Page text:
by Lisa Fletcher/ABC7
New Year’s Eve 2016 was no celebration for Nikki Mael and her family.
“Nobody should have to go through what we went through,” said Mael. “Nobody. Not fair. I mean, I would give anything to see Talula again.”
Within minutes of sharing a can of Evanger’s pet food among her five dogs, she was racing the lifeless animals to the emergency vet.
“They were falling over. They were running into the walls. They were convulsing,” said Mael.
The vets told her they weren’t sure what was going on, but that things didn’t look good. Hours later, devastating news.
“They said Talula wasn’t going to make it,” said Mael, choking back tears.
Desperate for answers, the family sent the remainder of the food to a specialized lab and drove Talulah’s lifeless body to a veterinary pathologist for a postmortem examination.
“Poisoning from the dog food. That’s what killed her,” said Mael.
But it wasn’t just any poison.
It was pentobarbital: A lethal drug, most commonly used to euthanize dogs, cats and some horses. The deadly toxin is never permitted to kill animals that are part of the food supply and would violate federal law if it was.
“Pet food violates federal law, is openly allowed by the FDA to violate federal law, billion dollar a year companies are making profit selling illegal adulterated products to unknowing consumers in the US every day,” said Susan Thixton, a pet food consumer advocate who’s been studying and writing about the pet food industry for decades.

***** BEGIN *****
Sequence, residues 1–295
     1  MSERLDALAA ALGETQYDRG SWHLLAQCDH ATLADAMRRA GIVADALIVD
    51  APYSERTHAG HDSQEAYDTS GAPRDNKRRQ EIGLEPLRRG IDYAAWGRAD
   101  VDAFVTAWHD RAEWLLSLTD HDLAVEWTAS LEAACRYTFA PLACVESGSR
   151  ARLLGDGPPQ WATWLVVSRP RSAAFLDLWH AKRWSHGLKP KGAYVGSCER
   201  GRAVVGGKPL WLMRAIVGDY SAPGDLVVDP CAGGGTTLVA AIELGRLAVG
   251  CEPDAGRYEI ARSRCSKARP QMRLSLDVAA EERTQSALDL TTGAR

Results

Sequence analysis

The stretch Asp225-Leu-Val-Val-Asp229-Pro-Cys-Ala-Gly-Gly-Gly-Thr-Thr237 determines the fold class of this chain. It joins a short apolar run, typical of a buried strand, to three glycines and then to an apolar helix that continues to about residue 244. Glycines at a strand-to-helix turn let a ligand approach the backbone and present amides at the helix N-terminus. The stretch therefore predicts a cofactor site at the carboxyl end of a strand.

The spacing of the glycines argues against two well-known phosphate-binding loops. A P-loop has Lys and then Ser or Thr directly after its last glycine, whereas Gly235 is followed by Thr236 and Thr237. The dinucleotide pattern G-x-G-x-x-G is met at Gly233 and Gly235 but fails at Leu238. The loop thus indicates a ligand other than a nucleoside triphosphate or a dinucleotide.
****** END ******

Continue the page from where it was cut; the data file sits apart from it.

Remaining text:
“Consumers have no information, “ said Thixton. “A consumer has to become a private detective to learn what’s really in their food.”
So we decided to find out.
We partnered with Ellipse Analytics, a lab that specializes in testing food for contaminants.
“I think you have a duty to understand what you’re selling to human beings and pets, and I think that the obligation is on you to understand what is, and is not, in your product,” said lab founder, Kevin Hicks.
We tested 62 samples of wet dog food, across more than two-dozen brands for the euthanasia drug pentobarbital.
After months of tests and re-tests, one brand repeatedly came back positive for pentobarbital.
In total, we tested 15 cans of Gravy Train. Nine cans — 60-percent of the sample — were positive for pentobarbital. And while the levels detected were not lethal, under federal law they are also not permitted at any concentration.
Gravy Train is made by Big Heart Pet Foods and owned by Smucker’s. According to Neilsen data, it accounts for more than $40 million of the company’s annual revenue.
Big Heart Brands is also the maker of Meow Mix, Milk Bone, Kibbles’n Bits, 9 Lives, Natural Balance, Pup-Peroni, Gravy Train, Nature’s Recipe, Canine Carry Outs, Milo’s Kitchen, Alley Cat, Jerky Treats, Meaty Bone, Pounce and Snausages.
The Big Heart website touts “high-quality food” that meets “rigorous evaluation and testing requirements.”
So how is pentobarbital, a drug not allowed to be used on animals intended for food, getting into the food?
“It comes from euthanasia of animals using that euthanasia drug,” said Dr. Nicholas Dodman, chief scientific officer for The Center for Canine Behavior Studies and former director of the Animal Behavior Program at Tufts University. “So, these animals could be dogs, they could be cats, they could be horses – but how is it getting into the pet food? If they say it doesn’t come from dogs, cats and horses where does it come from? It doesn’t come from outer space.”